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Selling your forest just became easier

Kim von Lanthen, New Zealand Tree Grower November 2016.

The needs of forest owners change as time passes. Not everyone wants to keep their forest into the future. Children build their own lives, land prices rise, health fails, partners want to go their separate ways and Gold Cards start arriving in the post. For some it makes sense to sell their forests before harvest, and while the demand for immature forests and woodlots is not large, blocks quietly change hands all the time. Selling standing trees with or without land is a practical option. A new forest exchange has recently been developed to help standardise the process, and make it easier for buyers and sellers.

While international commodity prices have been soft to declining in the last five years, New Zealand log prices have been steady or increasing, albeit with a few bumps along the way.

This trend offers some promise for landowners across the country who invested a long time ago and faithfully protected their forests through storm, drought and global financial crises. Those who planted in the 1990s should now be looking forward to a good reward for their long wait − all things being equal.

Of course there are many factors affecting returns which are out of the growers’ control. Decisions around location, species, genetics, stocking and silviculture will have been made long ago. Harvest variables such as resource consents, forming or upgrading access roads and the availability of skilled contractors will fall where they may.

Rolling average log prices from 2007 to 2015 on dollars per tonne

Better information

However, there remain two important points over which forest owners do have full control. The first is the spread of buyers that they can reach and the second is the quality of the information about their forest that they can produce. The wider you reach, the more likelihood of finding the right buyer. The better the information, the lower the risk and the more buyers that are willing to pay. Reach and risk can be within your control.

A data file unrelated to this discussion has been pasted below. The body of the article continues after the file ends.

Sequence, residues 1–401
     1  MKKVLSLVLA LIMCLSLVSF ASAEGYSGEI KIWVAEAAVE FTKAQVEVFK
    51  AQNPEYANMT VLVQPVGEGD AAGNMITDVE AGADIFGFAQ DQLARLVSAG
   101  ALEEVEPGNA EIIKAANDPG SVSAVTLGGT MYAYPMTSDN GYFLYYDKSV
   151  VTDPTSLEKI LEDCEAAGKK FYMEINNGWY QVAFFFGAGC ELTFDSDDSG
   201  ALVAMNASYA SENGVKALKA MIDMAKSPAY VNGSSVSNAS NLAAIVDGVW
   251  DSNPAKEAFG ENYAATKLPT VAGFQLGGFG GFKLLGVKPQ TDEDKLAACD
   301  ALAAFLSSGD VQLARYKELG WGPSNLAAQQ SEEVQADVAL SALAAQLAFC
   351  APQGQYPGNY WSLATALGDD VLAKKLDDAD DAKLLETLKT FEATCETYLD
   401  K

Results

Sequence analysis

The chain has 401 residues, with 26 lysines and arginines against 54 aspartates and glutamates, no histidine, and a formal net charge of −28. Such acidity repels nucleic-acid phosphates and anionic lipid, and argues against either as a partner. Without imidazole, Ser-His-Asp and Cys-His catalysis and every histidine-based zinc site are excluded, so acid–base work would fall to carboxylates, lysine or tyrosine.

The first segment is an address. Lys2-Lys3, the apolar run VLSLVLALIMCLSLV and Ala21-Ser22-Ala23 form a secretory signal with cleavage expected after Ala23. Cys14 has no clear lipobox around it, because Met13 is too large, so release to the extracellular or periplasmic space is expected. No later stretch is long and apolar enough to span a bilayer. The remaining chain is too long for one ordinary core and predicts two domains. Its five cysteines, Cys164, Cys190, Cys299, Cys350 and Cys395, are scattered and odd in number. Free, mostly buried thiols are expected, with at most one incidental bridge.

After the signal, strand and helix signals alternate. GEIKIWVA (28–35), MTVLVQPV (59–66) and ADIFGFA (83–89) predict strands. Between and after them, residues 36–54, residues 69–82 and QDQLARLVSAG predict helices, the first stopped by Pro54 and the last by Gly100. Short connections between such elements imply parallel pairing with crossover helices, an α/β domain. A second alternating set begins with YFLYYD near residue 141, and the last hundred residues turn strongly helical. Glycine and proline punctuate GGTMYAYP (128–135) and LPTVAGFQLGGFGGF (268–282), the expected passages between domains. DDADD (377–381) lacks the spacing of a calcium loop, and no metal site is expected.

To help with both of these areas Commodity Markets has developed a specialised online exchange where forests and woodlots can be bought and sold. The exchange at allows sellers to list forests and buyers to browse what is on offer by species, age, management regime, location, price, and type of sale. Examples of listings are shown below. Each is backed by more detailed information, maps and photographs that are also available

The principals of Commodity Markets are John Stephens and Kim von Lanthen, the latter is the author of this article and he has the experience of being a licensed statutory supervisor of over 150 forest partnerships, with a Financial Markets Authority licence. Supporting the exchange, the company has teamed up with Scion to provide forest owners with access to quality, specialised information they can give about their forests. Scion draws on decades of science to provide an assessment of each forest, covering more than 30 factors that help inform buyers.

Scion’s neutral description of the resource covers the local area and the specific forest. Topics they report on include the following.

The local area −

  • Land resource description, maps, soils and terrain
  • Wood supply forecasts for the local area to help in harvest scheduling
  • Possible risks from wind and disease by locality.

The owner’s forest −

  • Forest resource description and expected wood quality
  • Forest productivity and growth projections to indicate future value improvement
  • Indicative roading and harvesting costs.

Other sales −

  • A summary of sales of similar forests and an indication of where this forest sits within the range.

The Scion report allows a seller to put comprehensive data in front of buyers, specific to their forest block. This provides transparency, reduces the cost to prospective buyers of gathering the same quality information in the due diligence process, and gives the buyers greater confidence in the seller and what they are bidding on.